- Write page titles that describe and align with the actual content that is on the page.
- Include relevant keywords. This should happen naturally if you follow tip number 1.
- Place your keywords as close to the beginning of the page title as possible.
- Make you page title fewer than 70 characters long.
- Include your company name at the end of the page title if there is space
- Use a different page title for each page of your website.
2. Meta Descriptions
A meta description is a short summary that you can write for a web page, which search engines display in search results.
These descriptions don’t count toward search engine rankings, but they are still incredibly useful for increasing click-through rate. When creating a description, the goal should be to write compelling copy that actually describes what’s on a page so searchers are enticed to visit your website over another that appears in the same results page.
If a piece of text appears larger or more prominent than the other text on a page, it’s probably part of a heading. You can verify this by checking the HTML code of a webpage and looking for text within an <h1>, <h2>, or <h3> tag surrounding it. Both search engines and searchers tend to pay more attention to headings in comparison with regular paragraph text because their larger size denotes the topic of a section. Many readers may scan your blog post, for example, until the find a section that addresses their specific query. It’s a good idea to include keywords in your headings whenever possible.
Keep in mind that <h1> tags give the text more weight as keywords than <h2> or <h3> tags. Including too many headings dilutes the importance of keywords in other headings, so we recommend using the <h1> tag only once. If the page is text-heavy (like a blog post), then feel free to break up the content with multiple <h2> tags as section headers, and <h3> tags as paragraph titles.
Images on a web page can enhance user experience. When inserting images into your website, however, you should keep in mind the following:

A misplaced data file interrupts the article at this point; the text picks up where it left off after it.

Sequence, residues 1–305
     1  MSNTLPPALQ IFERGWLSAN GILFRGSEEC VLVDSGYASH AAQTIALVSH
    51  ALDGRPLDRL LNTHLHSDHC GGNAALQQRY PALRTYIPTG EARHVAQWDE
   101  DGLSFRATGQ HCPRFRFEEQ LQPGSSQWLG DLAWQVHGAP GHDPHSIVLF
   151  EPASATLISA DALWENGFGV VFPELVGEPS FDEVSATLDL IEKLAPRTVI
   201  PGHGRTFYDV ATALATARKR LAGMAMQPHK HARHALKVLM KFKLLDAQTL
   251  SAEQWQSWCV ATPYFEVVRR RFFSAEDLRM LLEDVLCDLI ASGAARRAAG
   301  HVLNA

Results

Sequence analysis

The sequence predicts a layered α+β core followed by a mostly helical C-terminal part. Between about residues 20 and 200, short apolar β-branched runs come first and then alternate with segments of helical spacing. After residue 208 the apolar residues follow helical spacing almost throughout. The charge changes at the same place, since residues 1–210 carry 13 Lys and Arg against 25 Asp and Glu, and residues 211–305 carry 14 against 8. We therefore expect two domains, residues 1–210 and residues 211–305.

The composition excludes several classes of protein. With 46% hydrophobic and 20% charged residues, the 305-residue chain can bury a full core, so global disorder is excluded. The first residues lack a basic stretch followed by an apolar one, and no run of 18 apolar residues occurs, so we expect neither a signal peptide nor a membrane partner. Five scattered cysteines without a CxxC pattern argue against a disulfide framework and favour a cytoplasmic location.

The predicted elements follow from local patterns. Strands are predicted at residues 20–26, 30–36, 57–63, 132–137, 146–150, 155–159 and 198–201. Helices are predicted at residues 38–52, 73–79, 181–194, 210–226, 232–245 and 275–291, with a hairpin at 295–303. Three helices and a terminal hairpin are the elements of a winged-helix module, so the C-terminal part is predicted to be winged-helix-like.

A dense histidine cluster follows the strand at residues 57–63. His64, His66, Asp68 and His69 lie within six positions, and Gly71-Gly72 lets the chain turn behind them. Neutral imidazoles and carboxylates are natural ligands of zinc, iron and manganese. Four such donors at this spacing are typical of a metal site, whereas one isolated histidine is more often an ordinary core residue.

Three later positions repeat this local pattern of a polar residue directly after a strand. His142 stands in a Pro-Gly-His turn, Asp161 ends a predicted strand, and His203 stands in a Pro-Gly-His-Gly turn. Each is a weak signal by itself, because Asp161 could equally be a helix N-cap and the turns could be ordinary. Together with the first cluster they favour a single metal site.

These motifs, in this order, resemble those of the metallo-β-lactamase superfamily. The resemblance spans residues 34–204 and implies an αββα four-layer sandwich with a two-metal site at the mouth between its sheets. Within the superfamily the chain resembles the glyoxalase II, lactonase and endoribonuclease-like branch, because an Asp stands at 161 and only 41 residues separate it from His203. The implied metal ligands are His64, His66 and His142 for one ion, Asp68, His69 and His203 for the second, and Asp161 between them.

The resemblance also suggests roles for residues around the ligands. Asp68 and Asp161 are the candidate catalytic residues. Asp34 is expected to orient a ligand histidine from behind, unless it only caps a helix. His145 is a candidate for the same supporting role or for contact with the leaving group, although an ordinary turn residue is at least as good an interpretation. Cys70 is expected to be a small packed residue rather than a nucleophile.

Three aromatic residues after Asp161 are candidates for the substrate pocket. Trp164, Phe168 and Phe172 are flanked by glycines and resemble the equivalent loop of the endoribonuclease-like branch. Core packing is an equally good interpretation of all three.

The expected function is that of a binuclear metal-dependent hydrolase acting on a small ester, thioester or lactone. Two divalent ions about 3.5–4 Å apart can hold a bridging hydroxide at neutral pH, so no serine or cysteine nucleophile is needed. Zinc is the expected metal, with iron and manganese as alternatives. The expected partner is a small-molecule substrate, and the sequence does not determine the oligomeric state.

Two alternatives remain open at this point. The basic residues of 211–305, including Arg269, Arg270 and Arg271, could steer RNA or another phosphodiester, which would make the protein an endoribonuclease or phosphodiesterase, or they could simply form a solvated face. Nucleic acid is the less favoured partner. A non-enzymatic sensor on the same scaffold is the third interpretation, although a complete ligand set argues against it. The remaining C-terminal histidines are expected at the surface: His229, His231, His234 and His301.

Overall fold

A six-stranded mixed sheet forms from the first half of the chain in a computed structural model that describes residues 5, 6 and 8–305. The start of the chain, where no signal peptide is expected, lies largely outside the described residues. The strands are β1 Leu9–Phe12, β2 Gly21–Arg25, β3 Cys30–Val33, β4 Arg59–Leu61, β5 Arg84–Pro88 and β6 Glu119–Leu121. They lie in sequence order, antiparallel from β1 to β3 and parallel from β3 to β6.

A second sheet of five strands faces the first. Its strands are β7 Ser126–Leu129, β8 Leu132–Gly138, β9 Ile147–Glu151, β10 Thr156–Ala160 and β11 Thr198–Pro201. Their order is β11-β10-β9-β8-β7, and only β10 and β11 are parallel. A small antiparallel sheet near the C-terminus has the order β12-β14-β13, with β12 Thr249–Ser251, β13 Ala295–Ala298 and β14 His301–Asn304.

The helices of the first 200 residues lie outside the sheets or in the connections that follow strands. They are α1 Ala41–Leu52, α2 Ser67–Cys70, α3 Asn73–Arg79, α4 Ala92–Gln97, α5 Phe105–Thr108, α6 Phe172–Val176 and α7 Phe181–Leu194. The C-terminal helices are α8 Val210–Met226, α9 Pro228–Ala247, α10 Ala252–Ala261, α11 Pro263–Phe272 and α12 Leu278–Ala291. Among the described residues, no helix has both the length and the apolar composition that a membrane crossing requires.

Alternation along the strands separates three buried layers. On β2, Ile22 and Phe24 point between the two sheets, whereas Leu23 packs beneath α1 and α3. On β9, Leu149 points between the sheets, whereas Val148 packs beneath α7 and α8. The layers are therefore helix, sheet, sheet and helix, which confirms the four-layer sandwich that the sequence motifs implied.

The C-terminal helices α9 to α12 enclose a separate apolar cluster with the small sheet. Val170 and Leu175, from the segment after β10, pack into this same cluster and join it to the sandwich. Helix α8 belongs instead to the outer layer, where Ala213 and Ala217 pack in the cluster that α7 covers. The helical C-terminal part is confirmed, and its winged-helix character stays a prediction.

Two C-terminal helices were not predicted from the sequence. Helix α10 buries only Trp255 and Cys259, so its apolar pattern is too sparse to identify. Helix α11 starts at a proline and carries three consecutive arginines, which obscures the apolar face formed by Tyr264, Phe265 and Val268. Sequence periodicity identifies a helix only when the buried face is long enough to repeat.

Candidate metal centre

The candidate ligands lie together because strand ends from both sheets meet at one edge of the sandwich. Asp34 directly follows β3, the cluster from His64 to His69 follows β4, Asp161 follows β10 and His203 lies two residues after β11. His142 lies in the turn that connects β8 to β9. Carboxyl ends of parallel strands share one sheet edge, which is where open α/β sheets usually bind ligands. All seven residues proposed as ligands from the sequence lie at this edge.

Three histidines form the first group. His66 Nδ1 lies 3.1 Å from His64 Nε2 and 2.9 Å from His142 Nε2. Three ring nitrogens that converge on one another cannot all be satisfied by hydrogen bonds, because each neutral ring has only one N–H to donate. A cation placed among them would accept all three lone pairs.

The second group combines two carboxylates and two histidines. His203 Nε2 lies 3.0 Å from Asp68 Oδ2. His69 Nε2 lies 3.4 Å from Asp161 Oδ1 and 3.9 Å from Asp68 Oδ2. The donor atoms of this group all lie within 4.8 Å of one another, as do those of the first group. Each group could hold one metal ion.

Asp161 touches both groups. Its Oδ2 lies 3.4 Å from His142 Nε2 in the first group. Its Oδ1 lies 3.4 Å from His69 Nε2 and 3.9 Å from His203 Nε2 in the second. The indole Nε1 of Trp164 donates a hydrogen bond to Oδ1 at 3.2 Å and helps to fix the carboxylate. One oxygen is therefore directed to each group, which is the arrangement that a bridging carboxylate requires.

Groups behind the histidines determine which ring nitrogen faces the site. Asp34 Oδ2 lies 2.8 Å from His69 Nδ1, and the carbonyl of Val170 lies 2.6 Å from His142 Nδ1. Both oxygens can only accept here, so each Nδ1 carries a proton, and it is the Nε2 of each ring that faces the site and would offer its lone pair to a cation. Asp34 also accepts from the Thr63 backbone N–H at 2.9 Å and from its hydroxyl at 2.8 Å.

- Don’t use images excessively. More pictures can slow down the loading of your page, which will negatively impact both user experience and SEO — search engines take page loading time into account in their ranking algorithms.
- Don’t leave the “alt text” of an image blank. For various reasons, the images on your site may fail to render. To ensure that visitors can still understand the information you’re presenting in the image, customize the “alt text” attribute of an image to describe the image. This will also help search engines understand that your image is relevant to the page, which is factored into search algorithms and will help you draw in relevant traffic from image searches. When writing alt tags, separate words with a dash (-).
5. URL Structure
The URL of a web page is its web address. For example, 1 Source Web’s blog has a URL of https://1sourceweb.com/blog. URL structure refers to how the text in a URL is organised, as well as how the different URLs on your website interact with one another. When structuring your website’s URLs, there are a few best practices to keep in mind:
- Separate keywords with hyphens. For your internal page URLs, separate individual keywords with hyphens (-). For example: http://1sourceweb.com/marketing-automation/ is a good URL that
captures ‘marketing’ and ‘automation’ as keywords.
- Describe what’s on the page. Structure your URLs so that searchers can easily understand what information they’re going to find. For example, if you land on a company’s products page, seeing the URL http://company.com/products/product-name will be much more reassuring than something like http://company.com/1543?/eh?.
- Use 301 redirects when necessary. A 301 redirect forwards an old URL to a new one. Make sure you do this if you change the URL of a page on your site. A common mistake is not applying a 301 redirect between yoursite.com and www.yoursite.com. This can be quite a problem from an SEO standpoint, because search engines will give separate credit to both versions of your site.
What about Mobile?
The topic of mobile marketing is tossed around frequently in marketing circles, often with many different intended meanings. While mobile marketing can mean many things, there is one primary message being conveyed to marketers looking to take advantage of mobile: optimization of websites for mobile viewing.
While there are a few different options for providing a mobile web experience, such as creating a separate mobile site or launching an app, the best option — from an optimization standpoint — is using responsive design.
A responsive website uses the same URL and HTML across all devices: desktops, laptops, tablets, and smartphones. The only thing that changes is the CSS, which is a programming language that describes the style and formatting of a web page. CSS allows the content on your website to adapt to different screen sizes, which means visitors always get a great viewing and browsing experience. What’s more, Google prefers responsive design to other mobile technologies because it allows for more efficient crawling and indexing.
Well that’s it for this installment. We hope you find this helpful. Next week we will look at the 2nd step in our series: “2. Creating a Digital Content Strategy – Digital Content that Gets Traffic”